I came across this tweet by BBC political correspondent Ross Hawkins:

FWIW wise hand says govt can’t ‘pull’ a bill. They can leave it in a sort of suspended parliamentary animation, they say, by declining to progress it but they can’t terminate it

What does that "suspended parliamentary animation" refer to? Why can't a minister simply 'pull' a bill to terminate its progress? I think this tweet is in progress to a bill that hasn't been voted on, but I am not entirely sure. For context, I came across it in today's BBC liveblog entitled MPs debating Brexit bill ahead of crunch vote.

1 Answer 1


A bill goes through a number of stages to get approved by the House of Commons:

  • First reading: its formal introduction (no vote)
  • Second reading: a vote on its broad principles
  • Committee stage: a line-by-line analysis, where amendments can be made
  • Third reading: a vote on the final bill

Apart from Committee Stage, each of the stages I mentioned earlier starts with a government whip moving a motion to complete this stage. If the whip declines to move the motion, then the bill cannot progress.

Erskine May, ye olde Parliamentary rulebook, allows for a bill to be withdrawn in a very obscure circumstance related to its second reading. But the government has said that they want to pull be bill if the programme motion is defeated, which is taking place after second reading. So Erskine May does not allow withdrawal.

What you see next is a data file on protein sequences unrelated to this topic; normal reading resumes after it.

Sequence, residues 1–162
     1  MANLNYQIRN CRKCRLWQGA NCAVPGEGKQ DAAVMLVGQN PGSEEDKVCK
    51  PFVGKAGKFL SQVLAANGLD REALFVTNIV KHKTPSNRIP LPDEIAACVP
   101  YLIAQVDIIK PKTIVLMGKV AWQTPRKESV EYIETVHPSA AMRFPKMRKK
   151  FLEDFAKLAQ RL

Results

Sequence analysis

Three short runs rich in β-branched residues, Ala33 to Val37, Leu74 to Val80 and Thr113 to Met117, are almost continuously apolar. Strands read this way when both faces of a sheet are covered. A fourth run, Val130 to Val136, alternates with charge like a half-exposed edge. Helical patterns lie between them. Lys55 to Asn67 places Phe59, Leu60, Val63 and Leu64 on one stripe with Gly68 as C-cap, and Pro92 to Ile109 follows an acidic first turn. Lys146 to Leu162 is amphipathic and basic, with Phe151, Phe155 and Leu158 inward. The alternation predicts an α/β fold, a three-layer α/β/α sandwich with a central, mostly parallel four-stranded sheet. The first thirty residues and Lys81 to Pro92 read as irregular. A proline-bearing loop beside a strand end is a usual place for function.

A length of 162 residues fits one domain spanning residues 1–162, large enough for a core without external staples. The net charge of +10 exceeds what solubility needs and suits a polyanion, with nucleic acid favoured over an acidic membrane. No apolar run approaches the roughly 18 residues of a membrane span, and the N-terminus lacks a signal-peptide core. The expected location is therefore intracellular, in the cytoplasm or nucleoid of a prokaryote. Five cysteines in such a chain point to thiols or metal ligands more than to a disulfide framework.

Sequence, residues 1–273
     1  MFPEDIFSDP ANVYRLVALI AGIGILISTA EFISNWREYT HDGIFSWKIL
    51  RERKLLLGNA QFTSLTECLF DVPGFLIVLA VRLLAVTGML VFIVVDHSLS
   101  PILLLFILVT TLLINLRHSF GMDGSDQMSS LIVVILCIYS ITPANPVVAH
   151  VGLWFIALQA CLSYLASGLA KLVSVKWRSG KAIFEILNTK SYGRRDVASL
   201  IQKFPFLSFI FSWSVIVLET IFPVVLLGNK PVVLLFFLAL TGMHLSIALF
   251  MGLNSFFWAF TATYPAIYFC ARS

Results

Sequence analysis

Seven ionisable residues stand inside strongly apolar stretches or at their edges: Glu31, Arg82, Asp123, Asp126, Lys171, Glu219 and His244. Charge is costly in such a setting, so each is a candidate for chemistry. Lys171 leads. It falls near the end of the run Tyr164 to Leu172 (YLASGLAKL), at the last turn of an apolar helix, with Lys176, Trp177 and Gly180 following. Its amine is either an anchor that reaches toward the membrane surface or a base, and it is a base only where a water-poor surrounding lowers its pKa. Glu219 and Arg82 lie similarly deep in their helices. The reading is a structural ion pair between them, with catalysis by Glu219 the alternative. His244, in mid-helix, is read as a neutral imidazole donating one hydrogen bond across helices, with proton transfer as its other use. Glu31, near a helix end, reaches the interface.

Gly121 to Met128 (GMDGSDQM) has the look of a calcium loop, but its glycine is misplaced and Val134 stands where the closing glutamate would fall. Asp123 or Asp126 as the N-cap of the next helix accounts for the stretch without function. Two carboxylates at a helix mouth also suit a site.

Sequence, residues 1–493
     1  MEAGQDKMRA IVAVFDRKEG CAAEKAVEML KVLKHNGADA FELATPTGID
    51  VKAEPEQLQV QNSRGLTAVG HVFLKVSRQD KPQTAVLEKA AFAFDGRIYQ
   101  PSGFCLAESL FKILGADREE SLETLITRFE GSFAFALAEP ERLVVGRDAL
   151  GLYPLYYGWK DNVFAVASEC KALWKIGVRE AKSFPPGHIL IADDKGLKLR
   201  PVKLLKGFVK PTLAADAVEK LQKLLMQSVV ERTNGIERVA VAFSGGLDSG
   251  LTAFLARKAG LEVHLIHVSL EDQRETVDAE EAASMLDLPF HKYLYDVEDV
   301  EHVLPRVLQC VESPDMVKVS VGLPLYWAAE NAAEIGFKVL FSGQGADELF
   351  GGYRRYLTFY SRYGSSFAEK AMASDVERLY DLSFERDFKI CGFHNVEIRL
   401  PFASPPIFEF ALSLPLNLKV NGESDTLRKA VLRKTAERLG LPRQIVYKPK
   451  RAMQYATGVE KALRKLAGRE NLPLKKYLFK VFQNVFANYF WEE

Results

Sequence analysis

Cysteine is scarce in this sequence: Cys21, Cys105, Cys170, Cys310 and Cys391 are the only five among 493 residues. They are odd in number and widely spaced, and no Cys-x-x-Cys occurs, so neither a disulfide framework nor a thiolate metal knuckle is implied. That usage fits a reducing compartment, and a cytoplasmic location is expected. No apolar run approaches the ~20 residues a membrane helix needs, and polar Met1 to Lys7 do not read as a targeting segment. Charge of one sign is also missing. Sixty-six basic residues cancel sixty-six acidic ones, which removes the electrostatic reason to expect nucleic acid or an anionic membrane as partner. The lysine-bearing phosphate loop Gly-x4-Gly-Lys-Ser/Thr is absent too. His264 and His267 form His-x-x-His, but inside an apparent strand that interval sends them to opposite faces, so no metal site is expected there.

• So what is the suspended parliamentary animation referring to in the tweet? Does it apply to the government whip not moving something?
    – JJJ
    Oct 22, 2019 at 16:59
  • @JJJ In general the government, through the Leader of the House, is in charge of the actual timetabling their business.
    – origimbo
    Oct 22, 2019 at 17:12
  • @origimbo I see, is that what the tweet is referring to? The government not tabling the bill? Or is it unclear what the tweet refers to?
    – JJJ
    Oct 22, 2019 at 17:15
  • 2
    @JJJ They basically just ignore it. It's like all the private members bills that are given their first reading; they're simply never scheduled any other time by the government and so they never progress in the legislative journey. It still exists in limbo, unprogressed, until the next prorogation. Bills die with the closing of the session.
    – Dan Scally
    Oct 22, 2019 at 20:57
  • @DanScally thanks for clarifying. Then I think the "If the whip declines to move the motion, then the bill cannot progress." answers my question.
    – JJJ
    Oct 22, 2019 at 20:58

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